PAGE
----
Otir

The Mind/Body Connection

The MIND/BODY CONNECTION in the writings of the Rambam (1138-1204): “It is known…that internal psychological movements (ha’hafalos nafshiyos) bring about dramatic physical changes in the body, clearly visible to all. We find verification to this in the following: Take an individual with a generally strong/healthy constitution (adam chazak ha’binyan), whose voice is strong and pleasant, and whose face is illuminated with light. If something, some greatly distressing event occurs suddenly, his face will fall and lose all its luster, the light of his face will change, his posture will droop, and his voice will become raspy and thin/weak. If he wishes to raise his voice and speak with all his strength, he simply is unable to do so. He feels feeble, and he may even begin to shake uncontrollably due to this weakness. The pulse of his veins [blood circulation] will be feeble, his eyes will dilate, his eyelids will become too heavy to lift, the outer surface of his body will become cold, and he will lose any desire to eat. The physical cause behind all these symptoms: his natural body heat and blood has sunken and contracted into his body.

Conversely, take an individual who is weak, whose visage is off-color, and whose voice is weak. If something joyous happens, he will become stronger, his face will shine, his voice will become powerful, his movements quick/agile, and the pulse of his veins strong. The outer surface of his body will become warm and joy and happiness will become readily apparent on his face and in his eyes. All this will become readily apparent without any need to look deeper. The physical cause of all these: is the activation of his natural body heat, and the blood rising up to the surface.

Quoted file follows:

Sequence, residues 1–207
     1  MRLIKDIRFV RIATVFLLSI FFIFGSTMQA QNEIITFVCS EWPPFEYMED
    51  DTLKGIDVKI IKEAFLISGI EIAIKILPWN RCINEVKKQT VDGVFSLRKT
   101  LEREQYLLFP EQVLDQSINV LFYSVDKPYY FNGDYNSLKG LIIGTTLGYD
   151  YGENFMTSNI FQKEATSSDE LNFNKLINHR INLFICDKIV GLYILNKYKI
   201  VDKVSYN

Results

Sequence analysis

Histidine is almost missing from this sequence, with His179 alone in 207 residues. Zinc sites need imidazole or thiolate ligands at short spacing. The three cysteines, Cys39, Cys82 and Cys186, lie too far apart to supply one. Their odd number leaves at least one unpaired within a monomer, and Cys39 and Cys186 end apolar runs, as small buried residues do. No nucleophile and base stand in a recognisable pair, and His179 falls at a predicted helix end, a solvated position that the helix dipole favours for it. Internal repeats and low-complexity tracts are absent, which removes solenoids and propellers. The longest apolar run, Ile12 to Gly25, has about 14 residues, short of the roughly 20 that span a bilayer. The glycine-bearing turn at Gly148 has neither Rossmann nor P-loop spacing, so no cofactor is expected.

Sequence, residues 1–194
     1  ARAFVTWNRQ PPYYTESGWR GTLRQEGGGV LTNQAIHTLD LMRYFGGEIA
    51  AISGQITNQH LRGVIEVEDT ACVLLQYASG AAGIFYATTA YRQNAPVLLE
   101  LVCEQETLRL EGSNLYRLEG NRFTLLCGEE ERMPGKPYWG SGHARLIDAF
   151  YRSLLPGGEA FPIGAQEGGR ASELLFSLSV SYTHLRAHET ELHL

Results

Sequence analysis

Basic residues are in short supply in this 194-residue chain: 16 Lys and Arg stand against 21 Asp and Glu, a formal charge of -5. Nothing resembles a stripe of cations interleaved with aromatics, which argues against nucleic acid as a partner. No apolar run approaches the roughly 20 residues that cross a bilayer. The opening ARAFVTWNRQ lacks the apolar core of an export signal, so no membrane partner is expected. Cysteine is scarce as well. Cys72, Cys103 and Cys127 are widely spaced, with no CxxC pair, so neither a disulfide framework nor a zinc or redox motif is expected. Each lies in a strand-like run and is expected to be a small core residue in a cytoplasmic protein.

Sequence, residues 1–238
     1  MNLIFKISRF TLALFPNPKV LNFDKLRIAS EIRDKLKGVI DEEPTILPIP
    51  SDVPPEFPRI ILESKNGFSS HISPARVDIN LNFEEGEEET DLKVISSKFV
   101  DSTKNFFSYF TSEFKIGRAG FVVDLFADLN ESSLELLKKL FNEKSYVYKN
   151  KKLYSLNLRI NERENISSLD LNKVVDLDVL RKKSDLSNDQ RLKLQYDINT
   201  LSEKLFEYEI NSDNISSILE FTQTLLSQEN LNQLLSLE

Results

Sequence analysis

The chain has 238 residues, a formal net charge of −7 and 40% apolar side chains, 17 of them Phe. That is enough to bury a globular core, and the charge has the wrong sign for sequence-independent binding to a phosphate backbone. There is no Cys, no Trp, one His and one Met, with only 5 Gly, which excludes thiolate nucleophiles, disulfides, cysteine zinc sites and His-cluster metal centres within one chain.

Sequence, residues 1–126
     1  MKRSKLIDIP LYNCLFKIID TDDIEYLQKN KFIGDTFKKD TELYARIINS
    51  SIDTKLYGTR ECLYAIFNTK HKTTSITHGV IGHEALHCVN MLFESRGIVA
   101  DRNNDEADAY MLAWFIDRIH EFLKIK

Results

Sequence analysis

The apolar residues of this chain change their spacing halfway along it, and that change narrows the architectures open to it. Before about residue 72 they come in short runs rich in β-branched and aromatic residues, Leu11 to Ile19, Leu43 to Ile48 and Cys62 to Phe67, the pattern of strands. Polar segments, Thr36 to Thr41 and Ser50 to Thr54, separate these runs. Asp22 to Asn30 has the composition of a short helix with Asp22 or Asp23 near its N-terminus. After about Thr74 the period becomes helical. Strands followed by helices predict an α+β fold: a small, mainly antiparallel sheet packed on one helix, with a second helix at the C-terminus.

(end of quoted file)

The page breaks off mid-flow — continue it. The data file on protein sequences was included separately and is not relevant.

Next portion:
The same is true of those who are anxiety-ridden (baaley pachad) on the one hand, vs. those who live with hope and anticipation [that things will always be better]. The same is true of those who are mistaken/confused in their thoughts on the one hand, vs. those who are successful in life. For there are times when a person can, as a result of his grief and bad luck, lose his eyesight. The face of a successful person, on the other hand, radiates, and the light of his eyes shines, to such an extent that the light of the day seems to grow brighter in his presence. This is all clear and does not require long explanations.

It is for this reason that doctors/healers warn us to pay attention to subtle internal psychological changes (tenuos nafshiyos), to constantly keep an eye out for them, and to make every effort to equalize them (le’hashvosam) while a person is still healthy, and in the event of any sickness as well. Indeed, no other treatment or physical procedure takes precedence over them. The doctor/healer should understand that the heart of someone who is ill is contracted/constricted, whereas the soul of a healthy person is expansive. He should therefore make it his business to remove psychological causes (hispaaliyos nafshiyos) that bring one to emotional stress (kotzer ruach), for this prolongs health, and in addition, it is first and foremost in the treatment of sickness.”— Rambam, Hanhagas HaBerius (Health Treatment), Shaar Gimel (end), pp. 32-33 (Hebrew translation by Moshe ibn Tibbon of Rambam’s letter to Al-Afdai, son of Saladin)— English translation by the wonderful Avraham Sutton.

Initial Post by Rav Doniel Katz

My Letter to G-d in 5781

Dear God,

Thank You for all You gave me this year, for Your faithfulness in me and for pointing me always into the right direction.

Thank You for my beautiful children’s health, life and happiness and for sustaining us until this season. I am grateful.

Please dear God, Bless me with a change of my heart, and allowing me to remove the layers that block her from connecting and receiving Your flow of energy to grow.

Help me to let go of my “lizards” so that I would be cleansed and able to return to Your palace to be able to dwell in Your presence all the days of my life.

May the words of my meditation be agreeable to You

Getting ready to prepare a new conversation before 5782